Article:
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6 More Russian Myths About Crimea

Published: April 16, 2014 (Issue # 1806)


Russian leaders often look uninformed or desperate when they try tojustify abuses ofpower byclaiming that theU.S. is guilty ofsimilar infractions.

Take, forexample, President Vladimir Putins comparison ofRussias selective legal assault against Yukos andthe subsequent expropriation ofmost ofYukos assets intostate-controlled Rosneft with theU.S. prosecution ofEnron in2003.

InSeptember 2012, Putin, responding tointernational criticism ofthe prison death oflawyer Sergei Magnitsky, said that theU.S. had no right tojudge Russia because it executes convicted criminals athome. TheForeign Ministry took this argument further, saying inits 2012 report onU.S. human rights violations that theU.S. executes minors, which is ablatant falsehood.

Russian authorities also fired back atU.S. criticism ofRussias record onfree speech byasserting that theU.S. violated therights offormer Private Chelsea (Bradley) Manning, jailed forleaking 700,000 classified documents toWikiLeaks.

Now, theKremlin has adopted thesame flawed look whos talking argument tocounter criticism ofits annexation ofCrimea. Here are six more myths that Russia is fond ofspinning.

1. All great powers annex territory. Look atthe U.S., which unabashedly annexed Texas andHawaii.

It is true that theU.S. annexation ofTexas in1845 was avivid example ofmanifest destiny, imperialism andpromoting theinterests ofthe powerful, slaveholding class inthe South. TheTexas annexation, which extended thestates border tothe Rio Grande river, was aclear act ofprovocation against Mexico, which had historical claims toparts ofTexas. Theannexation sparked theMexican-American war of1846-48, which theU.S. won, giving it ownership ofa huge swath ofwestern territories fromColorado toCalifornia.

Similarly, Hawaii was annexed in1898 after theU.S. orchestrated acoup overthrowing theHawaiian monarchy in1893. Themain economic motive ofthe coup was toexploit Hawaiis sugar wealth andpromote theinterests ofthe five largest U.S. sugarcane-processing corporations working onthe islands.

But it is odd that Russia is pointing toa 19th-century U.S. imperialist model ofexpansion tojustify its annexation ofCrimea. Is Russia still living inthe 19th century, pursuing its own form ofmanifest destiny? Clearly, thepost-World War II world order, which is based onUnited Nations-based system ofinternational law andrespecting theterritorial integrity ofother nations, rejects these crude 19th-century andearly 20th-century land grabs.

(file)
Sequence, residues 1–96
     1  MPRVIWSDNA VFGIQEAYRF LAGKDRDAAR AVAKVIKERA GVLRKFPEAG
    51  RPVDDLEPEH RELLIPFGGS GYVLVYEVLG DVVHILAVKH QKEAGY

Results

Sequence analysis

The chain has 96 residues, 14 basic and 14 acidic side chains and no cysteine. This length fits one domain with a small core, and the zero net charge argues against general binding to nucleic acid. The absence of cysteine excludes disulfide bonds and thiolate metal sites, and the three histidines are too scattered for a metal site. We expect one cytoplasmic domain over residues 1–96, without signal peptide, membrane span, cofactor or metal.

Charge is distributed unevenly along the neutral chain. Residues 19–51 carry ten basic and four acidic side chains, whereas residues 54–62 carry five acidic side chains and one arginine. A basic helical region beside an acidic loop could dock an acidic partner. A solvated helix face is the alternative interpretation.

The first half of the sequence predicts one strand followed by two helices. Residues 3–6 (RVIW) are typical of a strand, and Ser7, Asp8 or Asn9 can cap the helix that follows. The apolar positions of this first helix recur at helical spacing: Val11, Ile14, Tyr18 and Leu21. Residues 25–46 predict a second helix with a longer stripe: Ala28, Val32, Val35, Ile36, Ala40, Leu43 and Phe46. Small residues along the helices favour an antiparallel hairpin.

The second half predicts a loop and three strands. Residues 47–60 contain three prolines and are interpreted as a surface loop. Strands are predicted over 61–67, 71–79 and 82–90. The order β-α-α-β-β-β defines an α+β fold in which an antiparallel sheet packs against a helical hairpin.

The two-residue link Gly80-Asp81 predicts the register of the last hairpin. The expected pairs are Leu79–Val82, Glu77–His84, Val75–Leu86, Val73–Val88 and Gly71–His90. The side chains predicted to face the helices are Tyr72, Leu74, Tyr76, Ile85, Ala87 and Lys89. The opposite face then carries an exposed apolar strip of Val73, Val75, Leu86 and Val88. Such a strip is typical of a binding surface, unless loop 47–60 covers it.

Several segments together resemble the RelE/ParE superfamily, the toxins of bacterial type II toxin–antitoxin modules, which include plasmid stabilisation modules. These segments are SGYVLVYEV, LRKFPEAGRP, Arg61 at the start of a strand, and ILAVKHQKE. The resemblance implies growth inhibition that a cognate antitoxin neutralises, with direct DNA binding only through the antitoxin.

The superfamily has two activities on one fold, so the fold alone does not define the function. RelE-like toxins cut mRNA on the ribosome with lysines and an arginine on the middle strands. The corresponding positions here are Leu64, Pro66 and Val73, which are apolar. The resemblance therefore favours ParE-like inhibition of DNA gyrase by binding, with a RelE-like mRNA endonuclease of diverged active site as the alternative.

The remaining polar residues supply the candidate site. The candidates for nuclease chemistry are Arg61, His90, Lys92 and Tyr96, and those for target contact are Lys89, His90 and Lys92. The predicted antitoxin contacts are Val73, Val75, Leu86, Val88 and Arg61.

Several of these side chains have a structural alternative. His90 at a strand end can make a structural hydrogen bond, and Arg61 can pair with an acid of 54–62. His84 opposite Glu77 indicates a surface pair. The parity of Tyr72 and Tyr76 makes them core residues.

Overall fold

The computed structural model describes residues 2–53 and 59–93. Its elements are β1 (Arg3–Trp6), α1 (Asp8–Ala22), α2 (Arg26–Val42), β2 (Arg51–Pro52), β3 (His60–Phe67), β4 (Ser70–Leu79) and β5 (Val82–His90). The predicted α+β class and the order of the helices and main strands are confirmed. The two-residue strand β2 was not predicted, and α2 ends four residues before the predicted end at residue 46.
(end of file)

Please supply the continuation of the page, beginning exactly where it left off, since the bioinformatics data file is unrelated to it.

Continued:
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ALL ABOUT TOWN

Wednesday, Aug. 20


AmCham gets back to business after a summer hiatus with todays EHS Committee Working Group Meeting. Check their website for more details.



Thursday, Aug. 21


Time is running out to see the fantastic creations on display at the 2014 Sand Castle Festival on the beach at the Peter and Paul Fortress. Adhering to the theme of Treasure Island, visitors can wander amongst larger-than-life interpretations of pirate life or attend one of the workshops held to educate a future generation of sand artists. The castles will remain on the beach until Aug. 31.



Friday, Aug. 22


Get ready to pledge allegiance to the flag during National Flag Day, paying tribute to when, 23 years ago today, the iconic hammer-and-sickle was replaced with the tricolor that now flutters in the wind. Petersburgers will be treated to a free concert on Palace Square, a military parade and a culminating air show featuring Russias Russian Knights stunt pilots.



Saturday, Aug. 23


Uppsala Park plays host to Fairy Noon today, a performance of five separate fairy tales ranging from folk classics to more haunting selections. There will be three different renditions of the tales throughout the day and tickets start at 500 rubles ($13.80) for adults and 300 rubles ($8.30) for children.


Classic Finnish cartoon characters the Moomins expect to receive a warm welcome from Russian fans during todays Moomin Festival at the Pearl Plaza Shopping Center at 51 Petergofskoye Shosse. Become a kid again or introduce a new generation to the beloved creation of Finnish writer Tove Jansson.



Sunday, Aug. 24


The tortured genius of Dutch master Vincent van Gogh gets his day in the centers Konnushnaya Ploschad during Make Art Like Van Gogh, a daylong celebration of the artist that will allow amateur artists to try and replicate the work that made the famed painter world-renowned.


Experience a variety of dances highlighting the diversity of the world around as at the final day of the Ethno-Dance International Dance Festival that has been at the St. Petersburg Humanitarian University of Trade Unions this past week. Tonights performance will feature Egyptian dancers accompanied by local orchestras.



Monday, Aug. 25


Today kicks off the Elena Obraztsovoy International Competition for Young Vocalists in the large hall of the Shostakovich Philharmonic. Talented youngsters will showcase their range over the next six days before a winner is chosen on Aug. 30.



Tuesday, Aug. 26


Love movies but hate all those words? Then check out Rodina Cinema Centers Factor of Consensus film forum this evening. Silent movie classics from the beginning of the 20th century will be screened and accompanied by a pianist, who will provide the soundtrack for the ongoing action. The screenings begin at 7 p.m. Check Rodinas website for more details.



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